Onesies were Brigid’s idea. The rest of the siblings had their newborns, new spouses, new houses, new raises, and other welcome topics of the successful adult. For the singles — Brigid, Kevin, Shannon, and of course myself — still living at home, working as either students or teachers, there were no new achievements or traditional rites of passage to announce over double helpings of pumpkin pie. For myself, the arrival of yearly milestones — first college degree, first internship, first car, first job, first paycheck, first roadtrip, first love, first heartbreak . . . first hangover — had come to a halt sometime during the last five years. It was as if while running a marathon, you discovered someone had replaced the road with a treadmill.
Something kissed the surface of the water off to my left. Reflexively, I began pulling my feet onto the board. Rodney was on shore, wrestling with his ankle-strap; his surfboard drifted in the tide pulling at the strap like an impatient child. The rental guy had mentioned how to attach the strap to the board, but excitement and eagerness to start had smothered any useful advice.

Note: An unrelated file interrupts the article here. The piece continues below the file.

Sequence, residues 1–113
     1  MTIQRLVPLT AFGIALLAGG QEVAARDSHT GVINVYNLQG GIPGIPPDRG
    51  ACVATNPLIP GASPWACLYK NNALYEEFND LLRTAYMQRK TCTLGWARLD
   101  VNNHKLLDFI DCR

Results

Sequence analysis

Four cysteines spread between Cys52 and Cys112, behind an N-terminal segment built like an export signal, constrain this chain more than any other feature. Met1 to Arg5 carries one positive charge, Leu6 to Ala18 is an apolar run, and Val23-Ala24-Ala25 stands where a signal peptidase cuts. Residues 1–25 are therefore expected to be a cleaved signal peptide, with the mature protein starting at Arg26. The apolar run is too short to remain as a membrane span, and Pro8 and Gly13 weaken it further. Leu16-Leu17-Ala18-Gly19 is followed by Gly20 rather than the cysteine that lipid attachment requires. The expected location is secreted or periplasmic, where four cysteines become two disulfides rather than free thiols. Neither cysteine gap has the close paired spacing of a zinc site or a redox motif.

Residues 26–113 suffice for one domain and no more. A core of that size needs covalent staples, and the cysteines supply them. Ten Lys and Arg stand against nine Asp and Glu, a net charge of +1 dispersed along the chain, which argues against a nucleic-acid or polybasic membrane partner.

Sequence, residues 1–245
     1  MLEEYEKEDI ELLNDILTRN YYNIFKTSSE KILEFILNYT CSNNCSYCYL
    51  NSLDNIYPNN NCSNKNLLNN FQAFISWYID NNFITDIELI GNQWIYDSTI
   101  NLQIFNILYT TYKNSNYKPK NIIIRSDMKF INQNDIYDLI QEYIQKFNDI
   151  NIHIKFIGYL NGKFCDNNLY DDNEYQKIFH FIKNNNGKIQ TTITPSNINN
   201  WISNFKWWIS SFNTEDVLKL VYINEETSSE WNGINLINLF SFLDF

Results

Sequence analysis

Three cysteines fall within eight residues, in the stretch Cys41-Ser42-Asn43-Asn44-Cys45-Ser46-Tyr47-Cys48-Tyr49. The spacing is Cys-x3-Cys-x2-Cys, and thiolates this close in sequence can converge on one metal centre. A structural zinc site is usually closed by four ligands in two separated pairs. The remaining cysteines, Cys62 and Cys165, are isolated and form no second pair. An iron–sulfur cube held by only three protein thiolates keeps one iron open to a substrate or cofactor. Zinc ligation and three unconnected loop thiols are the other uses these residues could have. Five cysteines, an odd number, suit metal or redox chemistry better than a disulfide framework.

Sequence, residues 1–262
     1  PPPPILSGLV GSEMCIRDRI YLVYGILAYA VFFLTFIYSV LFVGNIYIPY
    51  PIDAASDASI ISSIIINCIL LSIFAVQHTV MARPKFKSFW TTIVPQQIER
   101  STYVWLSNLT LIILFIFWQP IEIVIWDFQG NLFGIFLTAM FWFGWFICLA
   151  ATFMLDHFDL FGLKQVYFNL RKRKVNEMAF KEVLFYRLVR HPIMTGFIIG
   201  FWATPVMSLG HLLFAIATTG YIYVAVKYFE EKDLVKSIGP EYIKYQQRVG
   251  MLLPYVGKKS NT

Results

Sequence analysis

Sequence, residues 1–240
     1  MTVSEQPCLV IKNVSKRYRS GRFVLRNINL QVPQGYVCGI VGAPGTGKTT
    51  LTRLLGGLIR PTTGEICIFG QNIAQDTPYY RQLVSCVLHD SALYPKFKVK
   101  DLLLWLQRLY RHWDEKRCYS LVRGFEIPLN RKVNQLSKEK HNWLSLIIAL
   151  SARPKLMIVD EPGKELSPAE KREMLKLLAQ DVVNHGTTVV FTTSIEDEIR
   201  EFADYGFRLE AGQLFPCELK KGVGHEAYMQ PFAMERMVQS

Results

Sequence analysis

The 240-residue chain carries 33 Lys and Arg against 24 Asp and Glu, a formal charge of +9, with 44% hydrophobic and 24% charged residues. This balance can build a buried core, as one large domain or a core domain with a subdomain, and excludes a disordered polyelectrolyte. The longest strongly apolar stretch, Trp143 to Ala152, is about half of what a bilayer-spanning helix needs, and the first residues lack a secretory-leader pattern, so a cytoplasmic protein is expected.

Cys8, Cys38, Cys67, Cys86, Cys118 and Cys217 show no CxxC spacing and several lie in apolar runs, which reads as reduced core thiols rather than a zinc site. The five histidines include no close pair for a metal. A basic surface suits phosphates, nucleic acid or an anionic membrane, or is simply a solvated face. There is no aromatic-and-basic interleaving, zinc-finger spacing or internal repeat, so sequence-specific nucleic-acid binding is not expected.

“We’ll figure it out,” Shannon had said. It’s practically a family motto.
We had searching half of the morning for a ideal surfing spot and the remaining half for surfboard rentals near Kapulua. The beach was located on the western side of Maui, just south of Lahaina. Large black stones like giant pebbles scattered across the sand. Smoke billowing from townhouses past the park promised barbecues; a few families ate box lunches at picnic benches; a man strummed his guitar while his wife stared into the tide. Otherwise the beach was empty.
“I just need an hour of your time,” Dad muttered as my foot hovered over the basement stairs. Inwardly, my gut tightened with a sickening amalgam of anxiety and dread. It was almost 9 am and already I felt drained.